Department Resources: Conducting a Successful Employee Selection Process -
28 Tips for Selection Interviewing
- Decide on the overall structure of the interview process.
- Follow the process uniformly for all candidates, even those who are from your own department or otherwise "known" to the interviewer(s).
- When interviewing in a team, one person should be designated as the team leader. Interview teams should have three to six members that may include customer or constituent representatives and or Employment Service personnel.
- Interview teams can also, if desired, be involved in the initial resume screening phase and any other screening techniques, such as telephone interviews.
- You may want to ask candidates to be prepared to perform a "work sample" test-to operate relevant machinery or to answer questions on paper.
- Know what you are looking for in a candidate before the interview. Especially when conducting group interviews, decide on your selection criteria up front. Selection criteria should be developed and reviewed before interview questions are written.
- Try to make candidates feel comfortable at the beginning of the interview. Make small talk and offer them coffee or water. Describe the position briefly and outline the selection process. Compliment the candidate on making it thus far into the selection process.
- You can describe how the job in question fits into the department but avoid giving too much information about the job duties at this point.
- Give the candidates information as to the structure of the interview.
- Interview questions should be scripted ahead of time so that you will cover the same ground with each candidate. It is important that all candidates be asked uniform questions, even though you may have varying follow-up and probing questions.
- All questions should be job-related and legal. Make sure you know appropriate and inappropriate questions to ensure that you are not asking ones that are potentially discriminatory.
- You can fit 15 to 20 fairly "meaty" questions into the average one-hour interview. Prepare interview sheets for each team member, listing the questions and providing a space for recording candidate responses.
- Introduce the interview team and tell the candidate a little bit about their various roles and responsibilities.
- Tell candidates that you are going to take notes as they talk so that you will have accurate information to refer to later. It is important to record actual answers to questions as opposed to evaluative or conclusive comments. You may record observations of non-verbal signals as long as they are recorded factually and not as conclusions.
- Proceed to ask your interview questions. Be sure to ask follow-up questions if answers are not to the point, are incomplete, or if you simply want clarification or expansion of an answer.
- Listen to your candidates! Concentrate on their answers, not on your questions. The more you speak, the less they talk, so beware of talking too much! Experts agree that the candidate should do at least 75 to 80 percent of the talking during an interview.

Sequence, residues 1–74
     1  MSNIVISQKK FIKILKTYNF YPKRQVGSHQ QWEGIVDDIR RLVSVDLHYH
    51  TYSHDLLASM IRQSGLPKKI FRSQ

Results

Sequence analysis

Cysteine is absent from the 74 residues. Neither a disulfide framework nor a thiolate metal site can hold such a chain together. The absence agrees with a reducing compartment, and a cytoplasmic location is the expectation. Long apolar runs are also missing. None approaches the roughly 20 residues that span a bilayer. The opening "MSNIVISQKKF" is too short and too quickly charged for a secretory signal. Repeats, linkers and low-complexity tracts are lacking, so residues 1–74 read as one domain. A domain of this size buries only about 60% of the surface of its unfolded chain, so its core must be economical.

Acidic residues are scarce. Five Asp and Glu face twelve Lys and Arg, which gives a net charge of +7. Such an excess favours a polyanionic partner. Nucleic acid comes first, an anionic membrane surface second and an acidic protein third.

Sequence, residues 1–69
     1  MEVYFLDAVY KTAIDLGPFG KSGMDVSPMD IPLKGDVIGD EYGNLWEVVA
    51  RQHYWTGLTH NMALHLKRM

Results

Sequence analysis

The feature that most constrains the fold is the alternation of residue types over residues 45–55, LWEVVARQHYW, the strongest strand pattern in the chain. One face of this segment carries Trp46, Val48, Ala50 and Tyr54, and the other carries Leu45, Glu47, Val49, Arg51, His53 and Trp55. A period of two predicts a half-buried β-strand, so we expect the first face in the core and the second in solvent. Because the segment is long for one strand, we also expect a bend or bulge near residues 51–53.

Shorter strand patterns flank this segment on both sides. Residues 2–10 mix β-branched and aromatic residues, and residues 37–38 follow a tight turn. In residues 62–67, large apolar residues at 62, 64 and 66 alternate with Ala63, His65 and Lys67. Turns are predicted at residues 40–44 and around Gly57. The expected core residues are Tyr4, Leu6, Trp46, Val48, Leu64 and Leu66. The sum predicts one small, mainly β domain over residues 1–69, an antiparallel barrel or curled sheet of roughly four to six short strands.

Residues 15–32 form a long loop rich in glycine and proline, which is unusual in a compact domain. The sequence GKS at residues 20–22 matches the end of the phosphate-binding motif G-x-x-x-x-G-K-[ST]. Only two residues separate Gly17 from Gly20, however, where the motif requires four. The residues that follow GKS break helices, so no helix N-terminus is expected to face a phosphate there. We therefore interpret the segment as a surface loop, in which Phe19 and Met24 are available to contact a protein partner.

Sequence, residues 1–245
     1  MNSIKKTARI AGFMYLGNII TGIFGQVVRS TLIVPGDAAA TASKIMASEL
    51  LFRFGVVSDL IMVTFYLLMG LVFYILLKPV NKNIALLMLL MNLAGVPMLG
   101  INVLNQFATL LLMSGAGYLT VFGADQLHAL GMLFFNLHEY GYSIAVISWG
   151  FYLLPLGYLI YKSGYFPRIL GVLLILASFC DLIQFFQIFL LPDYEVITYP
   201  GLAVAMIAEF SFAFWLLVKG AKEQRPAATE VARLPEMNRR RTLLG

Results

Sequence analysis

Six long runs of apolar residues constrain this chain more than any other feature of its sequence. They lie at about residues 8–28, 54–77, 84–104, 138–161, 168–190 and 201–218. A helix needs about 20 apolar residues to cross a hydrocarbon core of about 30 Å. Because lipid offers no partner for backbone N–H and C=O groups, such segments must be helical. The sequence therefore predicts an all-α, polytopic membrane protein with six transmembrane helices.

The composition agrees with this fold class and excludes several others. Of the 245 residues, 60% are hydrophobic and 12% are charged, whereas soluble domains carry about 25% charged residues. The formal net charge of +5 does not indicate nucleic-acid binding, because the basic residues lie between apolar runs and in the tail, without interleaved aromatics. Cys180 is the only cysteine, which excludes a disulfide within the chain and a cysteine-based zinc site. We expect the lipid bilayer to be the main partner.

- Use short, open-ended questions. Beware of asking questions that can be answered "yes" or "no." For example, rather than asking a person if they've worked in an empowered work environment, ask "How do you define the term 'empowerment' and what have been your experiences working in an empowered climate?"
- Develop a high tolerance for silence. Give candidates a chance to think and develop thoughtful answers to your questions.
- It is usually a good idea to ask one final question which is "Is there anything we haven't asked that you'd like to tell us?"
- Give the candidate information about the job duties and responsibilities, stressing the things you think are the most important for them to know.
- Give the candidates an idea of what stage the search is in, what the next steps will be, and when they can expert to hear from you. If delays occur, you should call candidate and let them know where things stand.
- Give the candidate a chance to ask questions of you and the interview team. A candidate who asks only "what's in it for me" questions may be very different from a candidate who asks more substantive questions.
- Thank the candidate for coming to the interview and go on to the next step of the process-a tour of the work area, if that is appropriate, moving to the location at which a test will be taken, etc.
- Complete your notes on the interview.
- If a team is interviewing candidates, and there is time, debrief with your teammates. It is best to save definitive evaluations of candidates until you have seen them all, but it often helps in the consensus building process to compare notes as to reactions to particular candidate responses, behaviors, etc. immediately after the interview.
- Selection should be made and discussed with employment before making any offers or promises.
- Letters can be sent to those interviewed but not selected.
- Allow yourself adequate time.
Remember: Probably the most important thing a supervisor does is decide whom to hire. Your performance will be measured as much on what your employees do as what you do yourself. Since most supervisors make their selections based on interviews, it follows that selection interviewing is one of the most important skills you can develop as a supervisor and especially as a manager!
Adapted from "Foundations of Supervision Employee Selection Process," Human Resource Development, University of Michigan.